Here Locke apparently makes agreement and disagreement mean mere identity and difference. Black and white disagree because one is not the other. But the triangle proposition, given as an illustration of agreement, must possess this kind of disagreement. The ideas in "agreement" must yet be different ideas. On the other hand, in disagreement there must be a common basis; there must be a disagreement about something — color, size, etc. Thus agreement and disagreement each involves both identity and diversity, and the latter cannot, therefore, serve to differentiate them. Here Locke has come upon the old problem of unity in difference, of the one and the many, which so puzzled the Greeks and which was the crucial question for his con-temporary, Spinoza. In a world of givens, whether psychical or physical, meanings or existences, there appears no way of reconciling the demands of unity and difference, nor of finding a basis for agreement and disagreement. Each given is simply there. White is white, black is black; there is an end of it. There is no basis or meaning for either harmony or opposition. As content, a unity of givens appears impossible. As factors, in a process, working to some end, there could be a unity of function. In a world of givens the problem of unity is insoluble.
Locke's tacit recognition of these difficulties is found in his confession, farther on, that agreement and disagreement of this sort, except in the case of certain general mathematical and moral propositions, yields only "trifling"knowledge. In knowledge which has most to do with the affairs of life,"knowledge of substances, this definition of agreement and disagreement will not apply.
Gold is malleable, is true and certain; but there is here nothing affirmed of gold but that that sound stands for an idea in which malleability is contained and such a sort of truth and certainty as this it is to say a centaur is four-footed.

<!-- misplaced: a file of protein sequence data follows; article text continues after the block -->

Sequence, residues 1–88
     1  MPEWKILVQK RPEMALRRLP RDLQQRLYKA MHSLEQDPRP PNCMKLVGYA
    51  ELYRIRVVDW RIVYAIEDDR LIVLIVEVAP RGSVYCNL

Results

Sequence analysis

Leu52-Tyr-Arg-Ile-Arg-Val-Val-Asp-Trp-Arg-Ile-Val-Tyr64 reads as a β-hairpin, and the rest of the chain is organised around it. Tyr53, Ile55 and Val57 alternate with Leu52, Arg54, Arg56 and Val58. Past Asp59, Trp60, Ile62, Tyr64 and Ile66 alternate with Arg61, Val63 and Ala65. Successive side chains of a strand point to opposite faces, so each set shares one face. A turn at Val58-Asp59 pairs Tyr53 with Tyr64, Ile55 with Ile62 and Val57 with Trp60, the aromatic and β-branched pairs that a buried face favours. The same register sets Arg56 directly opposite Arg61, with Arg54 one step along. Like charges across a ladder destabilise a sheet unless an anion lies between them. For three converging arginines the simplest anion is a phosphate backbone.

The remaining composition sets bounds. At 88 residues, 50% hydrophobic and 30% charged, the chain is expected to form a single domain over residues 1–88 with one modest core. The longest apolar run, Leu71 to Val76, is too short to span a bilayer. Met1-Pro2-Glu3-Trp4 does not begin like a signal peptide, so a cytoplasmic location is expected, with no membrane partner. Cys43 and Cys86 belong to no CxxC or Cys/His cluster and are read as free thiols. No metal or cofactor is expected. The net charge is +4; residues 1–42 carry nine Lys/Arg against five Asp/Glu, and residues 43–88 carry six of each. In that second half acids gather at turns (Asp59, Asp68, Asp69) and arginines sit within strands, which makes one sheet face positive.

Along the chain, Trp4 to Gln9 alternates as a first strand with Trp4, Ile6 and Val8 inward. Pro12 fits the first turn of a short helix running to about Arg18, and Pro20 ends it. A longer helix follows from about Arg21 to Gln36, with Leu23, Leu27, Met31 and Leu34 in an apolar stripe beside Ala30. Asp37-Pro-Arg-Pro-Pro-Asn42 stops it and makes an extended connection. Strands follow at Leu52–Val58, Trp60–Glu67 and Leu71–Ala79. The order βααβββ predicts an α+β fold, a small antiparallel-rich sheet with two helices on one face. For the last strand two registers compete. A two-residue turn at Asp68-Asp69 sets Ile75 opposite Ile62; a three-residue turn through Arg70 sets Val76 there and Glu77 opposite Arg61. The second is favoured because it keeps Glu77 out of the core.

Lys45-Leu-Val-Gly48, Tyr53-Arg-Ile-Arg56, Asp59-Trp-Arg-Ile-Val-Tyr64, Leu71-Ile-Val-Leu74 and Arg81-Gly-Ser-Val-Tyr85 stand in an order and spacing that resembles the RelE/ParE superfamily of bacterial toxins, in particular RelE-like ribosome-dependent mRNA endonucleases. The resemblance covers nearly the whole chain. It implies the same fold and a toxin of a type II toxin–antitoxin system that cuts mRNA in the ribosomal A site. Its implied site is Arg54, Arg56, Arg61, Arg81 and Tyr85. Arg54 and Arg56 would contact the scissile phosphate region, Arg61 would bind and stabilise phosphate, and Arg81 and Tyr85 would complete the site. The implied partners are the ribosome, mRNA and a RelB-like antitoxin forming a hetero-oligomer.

And again :
It will be altogether as true a proposition to say all centaurs are animals, as that all men are animals; and the certainty of one as great as the other. For in both propositions the words are put together according to the agreement of the ideas in our minds; and the agreement of the idea of animal with that of centaur is as clear and visible to the mind, as the agreement of the idea of animal with that of man; and so these two propositions are equally true, equally certain. But of what use is all such truth to us? 
The attempt to state knowledge in terms of a lot of given meanings has, then, yielded little worthy the name of knowledge. It is Kant's system of concepts, empty without percepts, out of which can come only "analytic," " trifling" propositions.
( 32) And Locke's problem, too, at this point, is "the possibility of synthetic propositions;" that is, the possibility of finding "real" existences for these divorced meanings. In other words, it is the problem of converting his world of psychical existences into true meanings, by finding something for them to mean.